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In mid spin

The plan is to ply this 50/50 yak silk single:

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with this 60/20/20 merino yak silk single.

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I love the undyed fiber colors and with the sheen of the silk added in – yum.

Still over-spinning some, but less often. (Compare the gray spun earlier with the cream I’m currently working on.) Spinning more often than once or twice a year is helping!

Lost skills

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I’ve plied 2 1/2 bobbins of the green fiber and while I like the resulting yarn, it is clear that my long hiatus from spinning has really resulted in a decline in my abilities.  The twist and thickness is all over the place!

It will still work just fine for a mittens/hat/cowl combo, my tentative plan, but I need to be doing this more regularly to get back some of the evenness of previous yarns.  I was never more than intermediate, but I can do better!

A close up to show the unintended texture:

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Still, sometimes the less uniform yarns make for the most interesting knits.  I still have more of the fiber to spin into singles, so I should end up with at least another bobbin of two ply.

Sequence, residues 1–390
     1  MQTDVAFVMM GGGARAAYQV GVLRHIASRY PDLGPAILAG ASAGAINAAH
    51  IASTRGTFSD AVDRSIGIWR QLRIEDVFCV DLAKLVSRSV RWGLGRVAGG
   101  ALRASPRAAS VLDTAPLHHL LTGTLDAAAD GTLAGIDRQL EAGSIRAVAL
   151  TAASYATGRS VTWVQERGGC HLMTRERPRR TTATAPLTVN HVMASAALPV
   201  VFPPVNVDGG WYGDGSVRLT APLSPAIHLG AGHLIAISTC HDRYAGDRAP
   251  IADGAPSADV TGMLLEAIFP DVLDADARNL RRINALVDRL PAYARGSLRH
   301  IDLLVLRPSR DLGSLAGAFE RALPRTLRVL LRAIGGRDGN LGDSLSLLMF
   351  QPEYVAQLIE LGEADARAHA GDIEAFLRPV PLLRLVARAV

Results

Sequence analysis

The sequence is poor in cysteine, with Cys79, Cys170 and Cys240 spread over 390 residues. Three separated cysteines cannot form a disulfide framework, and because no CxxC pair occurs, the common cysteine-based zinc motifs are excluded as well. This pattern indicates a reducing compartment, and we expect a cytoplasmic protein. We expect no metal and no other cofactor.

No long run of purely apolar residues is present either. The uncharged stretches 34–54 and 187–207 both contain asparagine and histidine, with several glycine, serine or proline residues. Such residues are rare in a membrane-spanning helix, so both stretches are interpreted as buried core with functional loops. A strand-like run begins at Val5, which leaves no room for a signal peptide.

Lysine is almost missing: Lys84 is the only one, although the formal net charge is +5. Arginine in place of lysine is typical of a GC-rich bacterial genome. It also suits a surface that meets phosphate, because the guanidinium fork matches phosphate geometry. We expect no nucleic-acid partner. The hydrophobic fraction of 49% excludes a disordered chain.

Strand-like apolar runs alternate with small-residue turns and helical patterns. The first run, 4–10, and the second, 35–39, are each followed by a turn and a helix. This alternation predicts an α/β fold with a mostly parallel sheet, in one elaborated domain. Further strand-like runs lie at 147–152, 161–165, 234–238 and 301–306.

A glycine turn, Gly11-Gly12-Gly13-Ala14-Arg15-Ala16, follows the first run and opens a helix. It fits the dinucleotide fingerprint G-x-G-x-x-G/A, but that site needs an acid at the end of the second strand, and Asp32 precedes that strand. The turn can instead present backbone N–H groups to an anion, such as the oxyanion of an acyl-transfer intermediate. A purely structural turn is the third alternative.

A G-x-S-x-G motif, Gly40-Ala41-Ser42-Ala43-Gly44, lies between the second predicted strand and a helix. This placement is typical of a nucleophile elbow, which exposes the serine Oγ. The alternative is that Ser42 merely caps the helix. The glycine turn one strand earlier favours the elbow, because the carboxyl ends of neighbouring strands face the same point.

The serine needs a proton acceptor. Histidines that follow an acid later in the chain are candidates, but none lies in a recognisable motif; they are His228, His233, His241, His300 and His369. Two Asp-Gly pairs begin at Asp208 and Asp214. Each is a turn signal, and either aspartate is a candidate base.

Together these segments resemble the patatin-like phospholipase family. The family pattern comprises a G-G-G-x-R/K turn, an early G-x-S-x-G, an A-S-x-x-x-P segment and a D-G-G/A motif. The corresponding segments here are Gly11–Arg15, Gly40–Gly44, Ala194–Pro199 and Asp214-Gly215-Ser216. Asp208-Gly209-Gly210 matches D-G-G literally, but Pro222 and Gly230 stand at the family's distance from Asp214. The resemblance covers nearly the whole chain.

Spinning

While the boys destroyed the kitchen making chocolate chip cookies, I dragged out the spinning wheel, dusted it a bit, and tried to remember how I used to be fairly competent at making yarn.

Fiber glamour shot:

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It is a polwarth/silk top that I kettle dyed.  I have another bundle that I dyed with the same greens but with a touch for orange in places.

I’ve gotten pretty consistent in spinning thin singles, but now I’m trying to relearn spinning thicker.  So far, my twist amount is all over the place, and it isn’t very consistent.  It is pigtailing some because I haven’t slowed down my treading enough, and it gets too thin in places.  But I’m still going to like the finished yarn.  I like somewhat thick and thin yarn – it makes interesting fabric when knitted or woven.

The first bobbin is the green with orange tints, and the second is the green with light sections.  Definitely over spun – see the curls?  But it will work itself out in the plying.

Meanwhile, the boys have discovered that it is a good idea to make sure the leftover pizza is out of the oven before preheating to bake cookies.